Thursday, April 22, 2010

Popularity contest

Some of you have probably seen this chart

It was first compiled here and then reformatted and published here which is where I first saw it.

So the most popular photo show of 2009 was the 2nd Photoquai Biennale at Musée Quai Branly in Paris which hosted an average of 7,868 visitors per day. That seems like a lot. Or does it? Here's how it compares to some other daily counts.

American Idol viewers Tuesday 4/20/2010: 19.1 million

McDonald's burgers sold each day in America: 4.2 million

Average Daily Minnesota State Fair Attendance 2009: 150,000

New York Yankees average home attendance in 2009: 45,363

Average daily attendance at Disneyland Anaheim: 40,000

Average daily Louvre attendance in 2009: 23,300

Average daily attendance at the most popular art show in 2009, Ashura and Masterpieces from Kohfukuji at Tokyo National Museum: 15,960

Average daily attendance at San Diego Zoo in 2009: 9,000

Average daily attendance at the most popular photo show, 2009: 7868

In other words, photography ranks in popularity somewhere below pop drivel, french fries, livestock, cotton candy, and baseball. What's my point? I don't know. I guess I just love thinking about photographers as outsiders.


Ian Aleksander Adams said...

Photography, at least "art" photography, is an extremely small niche, something which many of its practitioners don't seem to take into account.

Honestly, I wouldn't be surprised if half or more of the visitors at that popular visit were somehow in the family themselves (either gallery owners, curators, photographers, photography students, etc).

We talk a lot about what is important and what is not, but sometimes I just feel like my other obsessions are actually more translatable to the average person and the rest of society.

Damien Franco said...

I have to agree with Ian.

"Art" photographers are a small, and possibly shrinking niche, in a world where everyone owns at least one decent camera.

Every single one of my friends owns a camera, regularly updates their facebook with photos, or at least has a computer full of jpgs, but I couldn't arm wrestle most of them into going to a gallery or museum with me on any given day.

Yes...most of my friends are "average society" types who's knowledge of culture is severely lacking and who's judgment of art is suspect at best.

I'm working on introducing more people in my life who are appreciative of art, music, theater, and culture.

But there's a part of me that feels a duty...however convoluted, to be an ambassador of the arts to these otherwise fine folks and I would encourage all artists to do the same.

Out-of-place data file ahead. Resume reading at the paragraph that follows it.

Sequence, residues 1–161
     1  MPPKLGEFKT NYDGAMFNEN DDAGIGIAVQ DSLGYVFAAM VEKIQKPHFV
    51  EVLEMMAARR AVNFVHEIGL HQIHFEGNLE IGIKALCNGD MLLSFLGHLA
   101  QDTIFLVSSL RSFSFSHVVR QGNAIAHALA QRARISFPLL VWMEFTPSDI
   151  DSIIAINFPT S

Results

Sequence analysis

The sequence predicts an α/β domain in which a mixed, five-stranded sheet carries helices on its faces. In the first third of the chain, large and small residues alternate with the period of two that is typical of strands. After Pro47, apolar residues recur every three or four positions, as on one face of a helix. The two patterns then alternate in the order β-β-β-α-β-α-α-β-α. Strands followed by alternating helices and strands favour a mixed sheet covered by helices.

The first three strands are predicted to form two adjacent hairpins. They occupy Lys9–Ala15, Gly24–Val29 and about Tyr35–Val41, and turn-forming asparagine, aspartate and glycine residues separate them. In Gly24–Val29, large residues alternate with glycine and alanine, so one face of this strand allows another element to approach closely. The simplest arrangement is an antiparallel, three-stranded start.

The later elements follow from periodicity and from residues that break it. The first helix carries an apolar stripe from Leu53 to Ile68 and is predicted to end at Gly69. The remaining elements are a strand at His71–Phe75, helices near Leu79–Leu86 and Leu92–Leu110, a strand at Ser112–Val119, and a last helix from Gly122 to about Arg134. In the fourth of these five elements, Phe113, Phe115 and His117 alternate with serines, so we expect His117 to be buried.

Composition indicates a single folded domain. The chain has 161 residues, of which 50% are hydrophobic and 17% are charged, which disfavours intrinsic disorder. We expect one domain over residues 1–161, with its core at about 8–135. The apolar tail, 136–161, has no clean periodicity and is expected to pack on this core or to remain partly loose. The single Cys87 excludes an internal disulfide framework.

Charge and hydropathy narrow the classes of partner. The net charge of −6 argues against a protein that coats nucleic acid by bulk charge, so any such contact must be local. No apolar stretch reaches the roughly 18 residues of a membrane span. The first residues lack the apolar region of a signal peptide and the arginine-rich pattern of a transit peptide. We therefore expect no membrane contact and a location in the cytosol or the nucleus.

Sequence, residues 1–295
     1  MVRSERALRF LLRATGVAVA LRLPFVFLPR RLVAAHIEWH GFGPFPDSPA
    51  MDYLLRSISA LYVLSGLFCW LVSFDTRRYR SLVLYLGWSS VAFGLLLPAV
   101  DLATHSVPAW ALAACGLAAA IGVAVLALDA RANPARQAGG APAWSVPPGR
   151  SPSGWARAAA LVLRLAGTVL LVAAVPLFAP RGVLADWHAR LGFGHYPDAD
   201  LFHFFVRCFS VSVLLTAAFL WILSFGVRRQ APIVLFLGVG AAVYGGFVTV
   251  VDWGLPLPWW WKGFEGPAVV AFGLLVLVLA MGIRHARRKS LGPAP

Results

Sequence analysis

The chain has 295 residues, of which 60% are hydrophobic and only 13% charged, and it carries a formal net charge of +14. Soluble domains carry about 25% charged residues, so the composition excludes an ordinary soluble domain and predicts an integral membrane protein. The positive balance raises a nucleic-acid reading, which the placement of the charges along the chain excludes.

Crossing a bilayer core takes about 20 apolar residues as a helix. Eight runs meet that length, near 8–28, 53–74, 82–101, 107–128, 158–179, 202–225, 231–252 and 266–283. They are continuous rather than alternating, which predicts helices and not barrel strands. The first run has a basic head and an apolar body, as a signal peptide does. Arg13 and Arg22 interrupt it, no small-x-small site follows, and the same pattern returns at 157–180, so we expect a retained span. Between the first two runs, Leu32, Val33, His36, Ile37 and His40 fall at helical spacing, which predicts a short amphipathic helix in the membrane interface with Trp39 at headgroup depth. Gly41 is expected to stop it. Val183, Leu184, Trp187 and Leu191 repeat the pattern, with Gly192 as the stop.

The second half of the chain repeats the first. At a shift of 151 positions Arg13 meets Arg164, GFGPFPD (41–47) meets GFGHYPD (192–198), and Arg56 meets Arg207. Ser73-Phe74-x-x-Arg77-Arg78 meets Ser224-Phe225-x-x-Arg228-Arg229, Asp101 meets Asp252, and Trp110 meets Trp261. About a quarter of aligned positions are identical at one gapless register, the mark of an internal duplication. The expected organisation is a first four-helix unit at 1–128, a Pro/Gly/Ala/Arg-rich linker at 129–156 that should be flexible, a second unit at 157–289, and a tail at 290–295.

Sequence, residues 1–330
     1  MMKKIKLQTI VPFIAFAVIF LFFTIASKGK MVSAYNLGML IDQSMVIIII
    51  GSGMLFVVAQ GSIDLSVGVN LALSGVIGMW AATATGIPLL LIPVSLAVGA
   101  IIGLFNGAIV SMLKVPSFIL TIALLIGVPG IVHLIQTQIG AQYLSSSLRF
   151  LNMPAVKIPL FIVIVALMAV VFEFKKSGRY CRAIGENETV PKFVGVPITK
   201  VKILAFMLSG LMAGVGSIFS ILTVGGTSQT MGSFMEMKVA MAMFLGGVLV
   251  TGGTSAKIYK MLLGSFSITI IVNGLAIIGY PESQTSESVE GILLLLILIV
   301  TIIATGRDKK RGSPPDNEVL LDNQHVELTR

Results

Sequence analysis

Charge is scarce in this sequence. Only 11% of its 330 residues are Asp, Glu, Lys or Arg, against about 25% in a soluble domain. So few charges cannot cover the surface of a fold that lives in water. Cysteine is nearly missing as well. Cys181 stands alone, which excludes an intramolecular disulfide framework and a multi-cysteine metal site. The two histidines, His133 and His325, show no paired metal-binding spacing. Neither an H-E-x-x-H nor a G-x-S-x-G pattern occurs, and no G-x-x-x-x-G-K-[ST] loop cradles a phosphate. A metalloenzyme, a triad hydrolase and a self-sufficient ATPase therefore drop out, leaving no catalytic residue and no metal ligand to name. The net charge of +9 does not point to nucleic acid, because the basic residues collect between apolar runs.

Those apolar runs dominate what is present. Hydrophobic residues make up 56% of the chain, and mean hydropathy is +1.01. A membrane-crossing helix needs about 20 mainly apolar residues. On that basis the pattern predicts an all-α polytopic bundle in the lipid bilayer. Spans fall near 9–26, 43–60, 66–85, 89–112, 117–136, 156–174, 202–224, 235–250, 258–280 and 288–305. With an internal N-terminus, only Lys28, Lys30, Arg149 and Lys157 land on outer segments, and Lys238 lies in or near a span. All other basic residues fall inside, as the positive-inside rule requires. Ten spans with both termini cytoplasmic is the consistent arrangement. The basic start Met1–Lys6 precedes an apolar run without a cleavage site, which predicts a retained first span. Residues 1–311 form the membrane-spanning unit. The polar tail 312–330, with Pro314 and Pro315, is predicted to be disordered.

Blake Andrews said...

I agree. I used to gallery sit at Blue Sky and one of the jobs was to count daily visitors. I doubt if I ever counted more than 30 in a day. Usually it was more like 5 or 10. This was the old Blue Sky. They may attract more visitors now in their new space.

It isn't surprising that photography is unappreciated in the mainstream culture, which these numbers show. But even within the photo community it's hard to get folks to galleries. When I talk to my photographer friends I am consistently amazed that they haven't seen X show or Y show yet. These shows are out there for months, free for viewing, yet few take the initiative to go out and see them. It's a continual source of surprise and consternation.

You can't be a writer without reading. You can't write music without listening. I think it's very hard to photograph in a vacuum. The internet is a poor substitute. I think you have to see prints on the wall. And even if you don't have to, wouldn't curiosity drive you to anyway?

Anonymous said...

Good comments and article. It is a bit of an eye opener to see how small the photo arts community is. While there are many people who 'photograph' most of it is popular photography and they do not go to galleries. I remember posting messages on a local camera club-type forum with information on local gallery shows and getting no replies and few views. But when someoned posted information on the best location and time to photograph the local eagle population the forum was swamped. I eventually gave up.

Thankfully the number of good blogs and online galleries is rising and hopefully the small voice of the photo art community will never be drowned out.